Aims To build a questionnaire-based myopia proxy and to validate the proxy by confirming its association with educational attainment and a Polygenic Risk Score (PRS) for myopia.
Methods Data were collected between 2014 and 2017 from 88 646 Dutch adults from the LifeLines Cohort. First, we performed principal component analysis (PCA) to responses of five refraction-status questions. Second, we measured the refractive state in a subset of LifeLines participants (n=326) and performed logistic regression using myopia (mean spherical equivalent <−0.5 D) as a dependent variable and the principal components (PCs) as independent variables. We identified specificity, sensitivity and the classification threshold. Third, the classification equation was applied to the remaining LifeLines participants. The value of the proxy was then explored by calculating its association with educational attainment and a PRS of myopia.
Results A total of 77 096 participants (58.1% women) were eligible for the PCA. The first two PCs had a specificity of 91.9% (95% CI 87.8% to 95.4%) and a sensitivity of 90.4% (95% CI 84.3% to 96.4%) for myopia. The area under the receiver operating characteristic curve was 95.0% (95% CI 92.2% to 97.8%). The age-standardised prevalence of proxy-inferred myopia was 33.8% (95% CI 33.4% to 34.3%). Compared with low education level, the ORs of proxy-inferred myopia were 1.66 (95% CI 1.58 to 1.74, p=5.94×10−90) and 2.54 (95% CI 2.41 to 2.68, p=4.04×10−271) for medium and high education levels, respectively. Similarly, individuals at the top 10% of PRS (vs lower 90%) had an OR of 2.18 (95% CI 1.98 to 2.41, p=6.57×10−56) for proxy-inferred myopia, whereas those at the highest decile had an OR of 4.51 (95% CI 3.9 to 5.21, p=1.74×10−89) when compared with the lowest decile.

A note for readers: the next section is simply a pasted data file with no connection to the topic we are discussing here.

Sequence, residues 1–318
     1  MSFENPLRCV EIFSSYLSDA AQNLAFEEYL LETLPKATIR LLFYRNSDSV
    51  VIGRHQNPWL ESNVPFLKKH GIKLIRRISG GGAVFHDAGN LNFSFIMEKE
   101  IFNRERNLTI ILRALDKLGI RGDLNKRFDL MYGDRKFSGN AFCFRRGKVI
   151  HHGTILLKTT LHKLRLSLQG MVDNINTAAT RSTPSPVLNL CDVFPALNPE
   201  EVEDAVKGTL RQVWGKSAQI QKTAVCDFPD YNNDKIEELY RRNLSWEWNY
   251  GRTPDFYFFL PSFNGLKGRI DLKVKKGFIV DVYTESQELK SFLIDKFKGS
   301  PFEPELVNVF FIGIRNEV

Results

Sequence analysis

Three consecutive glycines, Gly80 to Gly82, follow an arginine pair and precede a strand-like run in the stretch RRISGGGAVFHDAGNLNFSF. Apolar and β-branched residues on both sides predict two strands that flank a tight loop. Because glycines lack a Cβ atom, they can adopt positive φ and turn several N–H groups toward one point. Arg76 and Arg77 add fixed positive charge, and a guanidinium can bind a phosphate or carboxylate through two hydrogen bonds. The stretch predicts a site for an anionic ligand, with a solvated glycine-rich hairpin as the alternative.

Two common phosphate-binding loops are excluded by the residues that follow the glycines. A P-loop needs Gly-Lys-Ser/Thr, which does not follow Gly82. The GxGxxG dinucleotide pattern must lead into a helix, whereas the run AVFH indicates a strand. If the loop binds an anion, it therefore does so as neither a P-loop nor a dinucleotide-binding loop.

Conclusion Self-administered refractive error-related questions could be used as an effective tool to capture proxy-inferred myopic cases in a population-based setting.
- optics and refraction
- public health
Data availability statement
Data may be obtained from a third party and are not publicly available. Data used in the current study were obtained from the LifeLines Cohort Study. LifeLines data are open for all researchers upon reasonable request.
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Contributors NGA, NMJ and HS conceived the idea and designed the study. NGA analysed the data and wrote the manuscript with intellectual inputs from NMJ and HS. IMN performed the Polygenic Risk Score analysis. JV prepared the questionnaire. AN collected refraction data. NMJ, HS, AN, JV and IMN interpreted the data. NGA, HS, and NMJ accepts full responsibility for the work and/or the conduct of the study, had access to the data, and controlled the decision to publish. All authors approved the final version of the manuscript for submission.
Funding This project has received funding from the European Union’s Horizon 2020 research and innovation programme (Marie Skłodowska-Curie grant agreement number 661 883). Additional funding was provided by the Rotterdamse Stichting Belangen (grant number B20150036).
Disclaimer The funders had no role in study design, data collection and analysis, decision to publish or preparation of the manuscript.
Competing interests None declared.
Provenance and peer review Not commissioned; externally peer reviewed.
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